Thursday, February 15

South Africa’s president, Jacob Zuma resigns

jacob-zuma-resigns-as-south-africa-president
Jacob Zuma, president of South Africa, has resigned after days of defying orders from the ruling African National Congress (ANC) to leave office and on the eve of a no-confidence vote in parliament, state television announced Wednesday night. Mr. Zuma, 75, has led South Africa since 2009.

The party also gave Mr. Jacob Zuma until Wednesday night to resign or a vote of no confidence motion would be brought against him on Thursday to remove him from office.

Mr. Zuma is likely to be succeeded by Deputy President Cyril Ramaphosa, who has already emerged the new leader of the ANC.

Mr. Zuma had earlier refused to stand down during an interview with SABC even after police raided the homes of his associates, the Gupta family, in Johannesburg, the country’s commercial capital.

The Guptas, who have been named in a series of corruption probes, are said to be associates of Mr. Zuma, who has led South Africa since 2009.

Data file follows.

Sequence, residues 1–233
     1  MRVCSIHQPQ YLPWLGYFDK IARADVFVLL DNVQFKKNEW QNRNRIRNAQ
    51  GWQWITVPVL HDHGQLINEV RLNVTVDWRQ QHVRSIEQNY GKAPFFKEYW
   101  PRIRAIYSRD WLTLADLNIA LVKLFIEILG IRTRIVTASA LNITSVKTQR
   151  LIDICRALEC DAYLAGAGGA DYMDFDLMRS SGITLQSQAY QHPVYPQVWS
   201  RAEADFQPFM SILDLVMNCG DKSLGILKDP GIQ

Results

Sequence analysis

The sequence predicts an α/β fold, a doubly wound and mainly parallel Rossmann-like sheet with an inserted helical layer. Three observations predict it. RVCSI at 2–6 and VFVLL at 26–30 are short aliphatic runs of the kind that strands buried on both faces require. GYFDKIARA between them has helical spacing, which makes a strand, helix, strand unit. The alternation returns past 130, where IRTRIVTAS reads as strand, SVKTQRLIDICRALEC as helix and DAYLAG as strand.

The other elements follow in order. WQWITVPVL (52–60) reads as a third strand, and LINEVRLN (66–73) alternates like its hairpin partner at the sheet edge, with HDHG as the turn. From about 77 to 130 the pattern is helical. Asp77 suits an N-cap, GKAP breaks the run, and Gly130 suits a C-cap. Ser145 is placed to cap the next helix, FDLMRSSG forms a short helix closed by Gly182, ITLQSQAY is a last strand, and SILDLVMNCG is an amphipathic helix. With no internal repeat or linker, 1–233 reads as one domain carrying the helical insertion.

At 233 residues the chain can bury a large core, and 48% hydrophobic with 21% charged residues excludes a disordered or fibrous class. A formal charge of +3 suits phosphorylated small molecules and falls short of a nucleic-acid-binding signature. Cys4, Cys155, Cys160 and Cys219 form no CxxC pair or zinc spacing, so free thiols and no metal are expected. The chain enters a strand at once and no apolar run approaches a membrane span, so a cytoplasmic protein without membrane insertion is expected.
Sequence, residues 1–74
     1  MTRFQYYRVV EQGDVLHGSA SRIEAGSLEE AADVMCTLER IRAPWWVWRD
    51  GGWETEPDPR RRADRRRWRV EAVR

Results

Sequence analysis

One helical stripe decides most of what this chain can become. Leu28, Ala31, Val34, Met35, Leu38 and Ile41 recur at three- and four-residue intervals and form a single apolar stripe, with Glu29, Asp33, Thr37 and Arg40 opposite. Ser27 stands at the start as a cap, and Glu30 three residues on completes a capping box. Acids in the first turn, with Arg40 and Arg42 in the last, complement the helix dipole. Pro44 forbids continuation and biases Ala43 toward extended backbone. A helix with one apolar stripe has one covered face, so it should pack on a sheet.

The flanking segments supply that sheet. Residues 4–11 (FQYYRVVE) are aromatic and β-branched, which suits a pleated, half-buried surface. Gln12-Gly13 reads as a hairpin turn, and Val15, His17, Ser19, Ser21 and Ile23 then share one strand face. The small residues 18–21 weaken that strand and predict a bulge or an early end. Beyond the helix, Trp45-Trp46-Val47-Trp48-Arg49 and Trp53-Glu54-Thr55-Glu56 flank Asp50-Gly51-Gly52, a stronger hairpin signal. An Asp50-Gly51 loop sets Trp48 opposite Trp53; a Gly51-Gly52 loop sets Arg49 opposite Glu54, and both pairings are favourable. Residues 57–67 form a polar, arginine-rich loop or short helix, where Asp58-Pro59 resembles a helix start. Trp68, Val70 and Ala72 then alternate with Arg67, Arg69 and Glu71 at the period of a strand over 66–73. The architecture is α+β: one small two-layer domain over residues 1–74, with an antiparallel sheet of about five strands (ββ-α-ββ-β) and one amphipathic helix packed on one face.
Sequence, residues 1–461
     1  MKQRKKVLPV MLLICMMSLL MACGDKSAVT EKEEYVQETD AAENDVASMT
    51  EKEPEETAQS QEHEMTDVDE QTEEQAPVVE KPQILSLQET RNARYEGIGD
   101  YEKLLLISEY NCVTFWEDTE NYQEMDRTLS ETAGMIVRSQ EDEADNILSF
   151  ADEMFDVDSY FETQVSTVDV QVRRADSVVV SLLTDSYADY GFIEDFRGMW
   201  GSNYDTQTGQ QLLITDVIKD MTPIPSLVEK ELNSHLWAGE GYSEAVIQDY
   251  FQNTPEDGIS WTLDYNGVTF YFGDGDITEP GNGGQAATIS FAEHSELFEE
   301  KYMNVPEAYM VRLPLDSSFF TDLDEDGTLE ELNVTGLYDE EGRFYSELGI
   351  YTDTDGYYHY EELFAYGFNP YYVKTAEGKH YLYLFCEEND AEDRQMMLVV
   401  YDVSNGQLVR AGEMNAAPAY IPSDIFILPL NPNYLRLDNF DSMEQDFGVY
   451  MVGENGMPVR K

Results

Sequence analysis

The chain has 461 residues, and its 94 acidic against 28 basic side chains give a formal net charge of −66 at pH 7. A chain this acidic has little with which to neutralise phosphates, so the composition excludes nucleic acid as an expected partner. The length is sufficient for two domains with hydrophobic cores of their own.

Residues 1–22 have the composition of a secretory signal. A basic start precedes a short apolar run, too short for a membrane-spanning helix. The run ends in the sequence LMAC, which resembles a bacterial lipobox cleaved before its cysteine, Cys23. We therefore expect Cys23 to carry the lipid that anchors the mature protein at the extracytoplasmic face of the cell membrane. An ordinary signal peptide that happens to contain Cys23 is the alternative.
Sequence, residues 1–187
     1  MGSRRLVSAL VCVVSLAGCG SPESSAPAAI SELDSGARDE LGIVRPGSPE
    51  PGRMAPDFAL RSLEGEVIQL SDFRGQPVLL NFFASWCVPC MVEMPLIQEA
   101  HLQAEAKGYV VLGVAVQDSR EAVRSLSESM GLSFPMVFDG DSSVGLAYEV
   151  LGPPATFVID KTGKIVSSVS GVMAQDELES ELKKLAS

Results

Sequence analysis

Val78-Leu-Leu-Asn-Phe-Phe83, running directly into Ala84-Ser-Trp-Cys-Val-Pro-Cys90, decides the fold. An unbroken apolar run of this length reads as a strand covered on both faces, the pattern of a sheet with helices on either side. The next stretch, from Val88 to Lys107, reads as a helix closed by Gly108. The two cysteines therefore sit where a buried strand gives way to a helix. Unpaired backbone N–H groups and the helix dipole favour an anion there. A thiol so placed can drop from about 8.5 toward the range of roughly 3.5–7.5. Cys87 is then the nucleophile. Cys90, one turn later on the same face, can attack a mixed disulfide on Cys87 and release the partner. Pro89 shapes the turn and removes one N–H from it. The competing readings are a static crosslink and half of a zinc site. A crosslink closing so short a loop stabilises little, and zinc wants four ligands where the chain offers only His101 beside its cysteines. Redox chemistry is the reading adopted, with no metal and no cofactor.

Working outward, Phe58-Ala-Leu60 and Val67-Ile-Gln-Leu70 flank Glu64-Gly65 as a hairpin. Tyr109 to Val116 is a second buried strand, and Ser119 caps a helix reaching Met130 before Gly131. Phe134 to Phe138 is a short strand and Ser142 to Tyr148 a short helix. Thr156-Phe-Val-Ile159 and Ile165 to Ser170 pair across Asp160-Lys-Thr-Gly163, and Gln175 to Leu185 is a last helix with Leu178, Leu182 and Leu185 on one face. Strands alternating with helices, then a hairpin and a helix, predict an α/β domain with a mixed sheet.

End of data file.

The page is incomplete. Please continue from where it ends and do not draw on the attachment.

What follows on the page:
Some members of the ANC have long asked Mr. Jacob Zuma to step down, and the party itself formally took a position on the matter by removing Mr. Zuma as its leader on Tuesday and asking him to resign within 24 hours.

Mr Zuma said he stepped down to avoid violence and further division within the ANC.

“No life should be lost in my name and also the ANC should never be divided in my name,” Mr. Zuma said. “I have therefore come to the decision to resign as president of the republic with immediate effect.”

“Even though I disagree with the decision of the leadership of my organisation, I have always been a disciplined member of the ANC.
“As I leave I will continue to serve the people of South Africa as well as the ANC, the organization I have served all of my life,” he added.
The ANC issued a statement saying Mr Zuma’s resignation provided “certainty to the people of South Africa”.

Mr. Jacob Zuma played a prominent role in the military wing of the ANC during the days of apartheid, and eventually replaced Thabo Mbeki in 2009.

The South African economy struggled under his tenure, and violent crimes also rose. But Mr. Zuma maintained that he helped deepen the country’s political and economic stability.

No comments:

Post a Comment

Follow us on Social Media: 
Twitter: @Naijaslog
Facebook: @Naijaslog
Instagram: @Naijaslog

Disclaimer: The views expressed in the comment section are those of our users and do not reflect the views of Naijaslog.